The Value of Retail Dietitians
By Leesha Lentz
Today’s Dietitian speaks with Barbara Ruhs, MS, RDN, LDN, about the rising importance of supermarket RDs and the upcoming Oldways Supermarket Dietitian Symposium.
From March 22 to 24, 2015, supermarket dietitians, industry leaders, and food experts will meet in St. Petersburg, Florida, for the fifth annual Oldways Supermarket Dietitian Symposium. Barbara Ruhs, MS, RDN, LDN, symposium coordinator, says this two-day event provides a platform for attendees to network and share ideas with the ultimate goal of improving public health nationwide.
Since more retailers are hiring supermarket RDs to bring value to the consumer shopping experience, it’s even more important for this growing community to gather and discuss issues and topics relevant to daily practice, according to Ruhs. Today’s Dietitian (TD) recently spoke with Ruhs to further examine why supermarket dietitians are on the rise, how they can be successful in the grocery industry, and what they can expect at this year’s symposium.
TD: The number of supermarkets hiring dietitians has increased significantly over the years. What do you think is driving this trend?
Ruhs: Increased competition from nontraditional retail food operators such as Whole Foods and Trader Joe’s are driving the trend, prompting conventional retailers to hire supermarket dietitians. Conventional retailers already are operating on slim margins, so reducing prices likely isn’t a feasible long-term competitive strategy. Instead, they’re focusing on improving service as a means to edge out the competition. Offering the services and expertise of a nutrition expert and dietitian is adding perceived value to customers and potentially improving their shopping experience. Conventional supermarkets that are known to have a one-size-fits-all marketing strategy are looking for many ways to attract new and existing customers. RDNs are the perfect solution.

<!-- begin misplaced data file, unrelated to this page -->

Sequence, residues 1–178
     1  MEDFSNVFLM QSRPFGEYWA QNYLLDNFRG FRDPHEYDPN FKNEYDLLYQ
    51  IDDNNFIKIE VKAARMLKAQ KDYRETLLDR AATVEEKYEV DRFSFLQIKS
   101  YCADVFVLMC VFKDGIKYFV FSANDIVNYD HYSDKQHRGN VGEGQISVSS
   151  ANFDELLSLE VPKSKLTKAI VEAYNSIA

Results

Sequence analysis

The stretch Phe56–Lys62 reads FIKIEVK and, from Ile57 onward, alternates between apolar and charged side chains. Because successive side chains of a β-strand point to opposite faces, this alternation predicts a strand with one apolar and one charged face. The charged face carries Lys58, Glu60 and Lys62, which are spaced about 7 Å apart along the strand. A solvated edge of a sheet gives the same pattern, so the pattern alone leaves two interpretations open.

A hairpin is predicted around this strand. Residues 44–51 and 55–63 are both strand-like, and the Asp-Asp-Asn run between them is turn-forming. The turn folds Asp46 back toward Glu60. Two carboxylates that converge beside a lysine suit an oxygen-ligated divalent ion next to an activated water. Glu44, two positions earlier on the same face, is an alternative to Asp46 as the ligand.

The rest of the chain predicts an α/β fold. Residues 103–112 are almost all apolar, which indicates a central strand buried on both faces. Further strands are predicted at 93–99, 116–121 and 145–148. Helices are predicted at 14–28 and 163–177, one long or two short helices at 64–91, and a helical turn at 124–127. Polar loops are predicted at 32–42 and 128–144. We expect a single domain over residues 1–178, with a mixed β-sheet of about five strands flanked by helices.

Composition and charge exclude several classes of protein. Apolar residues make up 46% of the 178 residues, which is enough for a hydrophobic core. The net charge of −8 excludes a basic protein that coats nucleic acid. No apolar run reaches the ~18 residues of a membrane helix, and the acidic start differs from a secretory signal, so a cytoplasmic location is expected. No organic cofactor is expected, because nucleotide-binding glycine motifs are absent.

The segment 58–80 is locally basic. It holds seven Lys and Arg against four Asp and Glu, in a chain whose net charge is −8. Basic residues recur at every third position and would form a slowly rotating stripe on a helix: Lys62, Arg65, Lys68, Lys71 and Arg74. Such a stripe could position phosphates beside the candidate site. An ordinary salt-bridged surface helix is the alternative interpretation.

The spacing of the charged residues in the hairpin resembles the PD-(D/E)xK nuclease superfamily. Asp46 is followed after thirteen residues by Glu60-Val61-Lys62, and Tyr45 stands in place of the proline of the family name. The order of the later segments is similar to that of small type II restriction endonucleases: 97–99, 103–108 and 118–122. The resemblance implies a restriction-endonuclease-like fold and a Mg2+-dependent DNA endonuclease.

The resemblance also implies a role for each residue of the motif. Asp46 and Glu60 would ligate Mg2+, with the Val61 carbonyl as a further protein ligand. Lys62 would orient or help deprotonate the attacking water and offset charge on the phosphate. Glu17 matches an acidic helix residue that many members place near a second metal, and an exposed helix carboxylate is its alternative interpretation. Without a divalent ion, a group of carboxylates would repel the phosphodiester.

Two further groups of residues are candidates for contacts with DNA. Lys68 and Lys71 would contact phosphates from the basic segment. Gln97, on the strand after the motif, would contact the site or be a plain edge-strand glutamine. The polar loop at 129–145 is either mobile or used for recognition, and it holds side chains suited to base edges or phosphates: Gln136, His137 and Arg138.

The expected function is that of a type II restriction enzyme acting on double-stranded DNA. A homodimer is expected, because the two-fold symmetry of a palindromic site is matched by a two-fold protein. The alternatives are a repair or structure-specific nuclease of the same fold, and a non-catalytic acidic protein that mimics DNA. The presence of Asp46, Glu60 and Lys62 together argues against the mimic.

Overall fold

TD: Supermarket dietitians play several roles and perform a wide variety of duties. What are some of the most important roles they play and the duties they perform each day?
Ruhs: There are two basic types of supermarket RDs: corporate dietitians and store-based dietitians. Both perform a wide range of duties to engage customers in health and wellness, including in-store food demos featuring healthier products, recipe demonstrations that help shoppers learn how to prepare healthier meals, community partnerships highlighting nutrition resources at the local supermarket, and some perform in-store nutrition counseling and host group classes and nutrition-focused tours.
Corporate dietitians spend time managing chainwide nutrition shelf tags to help shoppers easily identify healthier options, outreaching to local media to increase awareness of healthful food options and nutrition services available at the local grocery store, marketing and promotional planning to feature healthier products, writing and editing nutrition newsletters, using social media and digital networks to target customers with health messages, managing employee wellness programs, and working with food companies to feature brands in health-focused campaigns and programs.
TD: What types of skills do dietitians need to become successful in the supermarket industry? And how can they develop these skills?